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Cancer Genet Cytogenet. 1998 Jun;103(2):155-63.

E1A transformed normal human prostate epithelial cells contain a 16q deletion.

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Johns Hopkins School of Medicine, Department of Pathology, Baltimore, MD, USA.


The difficulty of maintaining long-term prostate cell cultures has hindered the development of essential models for understanding prostate cancer. We report here the establishment of two 12S E1A transformed non-tumorigenic prostate epithelial cell strains, and their characterization. The two clonal cell strains, TP2 and TP4, proliferated for approximately 40 passages before senescence. Both exhibited a strong dependence on exogenous peptide growth factors and an immunophenotype characteristic of their prostate epithelial origin. Cytogenetic analysis revealed a consistent deletion on the q arm of chromosome 16 in TP2 with an otherwise normal karyotype. Band-specific microdissection generated region-specific probes from 16q23, which when used in fluorescence in situ hybridization (FISH) revealed that the region was deleted in 83% of metaphases analyzed. By cytogenetic analysis and FISH, the q arm of 16 was found deleted from the genome of TP4 in 60% of cells analyzed. Lost sequences on 16q-16q23 in particular--in prostate cancer have been observed by a variety of methods. Localization of common region of deletion has been determined from these studies to be distal to 16q23. Our findings suggest that 16q23 may be of major importance in the development of prostate cancer, and may harbor tumor suppressor elements.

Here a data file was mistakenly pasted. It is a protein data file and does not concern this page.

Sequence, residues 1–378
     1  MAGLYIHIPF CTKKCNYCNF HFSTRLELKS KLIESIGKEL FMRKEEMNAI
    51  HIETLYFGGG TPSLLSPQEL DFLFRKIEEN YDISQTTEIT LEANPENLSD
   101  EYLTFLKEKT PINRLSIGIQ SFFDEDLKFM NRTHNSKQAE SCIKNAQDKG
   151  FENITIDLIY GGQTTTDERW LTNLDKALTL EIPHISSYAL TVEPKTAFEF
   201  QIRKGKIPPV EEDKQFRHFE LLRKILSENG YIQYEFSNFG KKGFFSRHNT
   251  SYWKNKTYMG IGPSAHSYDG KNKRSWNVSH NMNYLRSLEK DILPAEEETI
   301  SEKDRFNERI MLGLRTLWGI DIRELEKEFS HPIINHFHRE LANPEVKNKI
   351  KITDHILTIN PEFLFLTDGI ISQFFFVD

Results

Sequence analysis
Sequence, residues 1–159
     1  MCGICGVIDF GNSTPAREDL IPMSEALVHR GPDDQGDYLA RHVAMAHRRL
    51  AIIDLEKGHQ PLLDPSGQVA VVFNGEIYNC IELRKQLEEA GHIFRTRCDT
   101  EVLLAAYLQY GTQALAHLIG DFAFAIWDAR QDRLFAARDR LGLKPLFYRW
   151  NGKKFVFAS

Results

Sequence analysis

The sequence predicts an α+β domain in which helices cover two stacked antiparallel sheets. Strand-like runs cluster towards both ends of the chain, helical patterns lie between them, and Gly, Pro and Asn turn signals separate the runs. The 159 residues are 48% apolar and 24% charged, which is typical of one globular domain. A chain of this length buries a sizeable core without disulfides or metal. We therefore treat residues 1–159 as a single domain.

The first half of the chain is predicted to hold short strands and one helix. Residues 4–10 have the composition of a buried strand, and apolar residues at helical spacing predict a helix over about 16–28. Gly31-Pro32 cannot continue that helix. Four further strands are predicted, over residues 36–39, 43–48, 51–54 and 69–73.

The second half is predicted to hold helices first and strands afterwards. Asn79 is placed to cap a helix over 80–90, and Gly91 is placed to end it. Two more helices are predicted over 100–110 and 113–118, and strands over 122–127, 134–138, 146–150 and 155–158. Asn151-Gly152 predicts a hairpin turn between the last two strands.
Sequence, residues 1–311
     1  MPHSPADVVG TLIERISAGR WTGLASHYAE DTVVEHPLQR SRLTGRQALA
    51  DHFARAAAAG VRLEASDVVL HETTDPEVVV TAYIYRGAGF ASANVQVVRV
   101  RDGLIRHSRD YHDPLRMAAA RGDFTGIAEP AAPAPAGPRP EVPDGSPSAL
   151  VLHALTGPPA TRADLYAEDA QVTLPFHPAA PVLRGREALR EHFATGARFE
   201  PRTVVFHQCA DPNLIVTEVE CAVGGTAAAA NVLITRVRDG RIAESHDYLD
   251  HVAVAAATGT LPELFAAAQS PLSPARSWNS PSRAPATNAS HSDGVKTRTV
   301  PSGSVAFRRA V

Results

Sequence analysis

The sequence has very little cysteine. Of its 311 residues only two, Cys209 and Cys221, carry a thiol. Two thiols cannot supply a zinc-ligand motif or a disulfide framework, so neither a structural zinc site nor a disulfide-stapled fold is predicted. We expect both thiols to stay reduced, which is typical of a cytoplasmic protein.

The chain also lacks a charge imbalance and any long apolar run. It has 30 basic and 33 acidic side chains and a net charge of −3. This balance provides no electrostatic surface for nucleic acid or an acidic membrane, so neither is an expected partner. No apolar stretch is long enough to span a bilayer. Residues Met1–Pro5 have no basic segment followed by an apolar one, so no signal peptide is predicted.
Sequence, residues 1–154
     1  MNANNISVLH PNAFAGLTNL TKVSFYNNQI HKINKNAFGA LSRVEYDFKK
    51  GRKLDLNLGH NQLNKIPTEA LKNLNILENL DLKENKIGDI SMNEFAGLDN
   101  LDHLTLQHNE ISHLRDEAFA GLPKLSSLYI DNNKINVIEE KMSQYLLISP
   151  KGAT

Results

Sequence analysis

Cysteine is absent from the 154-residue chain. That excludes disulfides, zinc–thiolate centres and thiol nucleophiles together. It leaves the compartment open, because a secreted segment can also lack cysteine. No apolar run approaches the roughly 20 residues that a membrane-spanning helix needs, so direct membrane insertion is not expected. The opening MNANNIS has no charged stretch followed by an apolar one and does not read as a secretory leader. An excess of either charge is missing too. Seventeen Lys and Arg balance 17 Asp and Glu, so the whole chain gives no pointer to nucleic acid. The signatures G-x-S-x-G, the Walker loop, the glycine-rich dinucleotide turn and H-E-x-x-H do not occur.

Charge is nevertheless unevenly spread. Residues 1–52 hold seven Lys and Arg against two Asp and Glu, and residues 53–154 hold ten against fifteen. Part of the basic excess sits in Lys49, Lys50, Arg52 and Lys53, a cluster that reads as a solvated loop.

[Indexed for MEDLINE]

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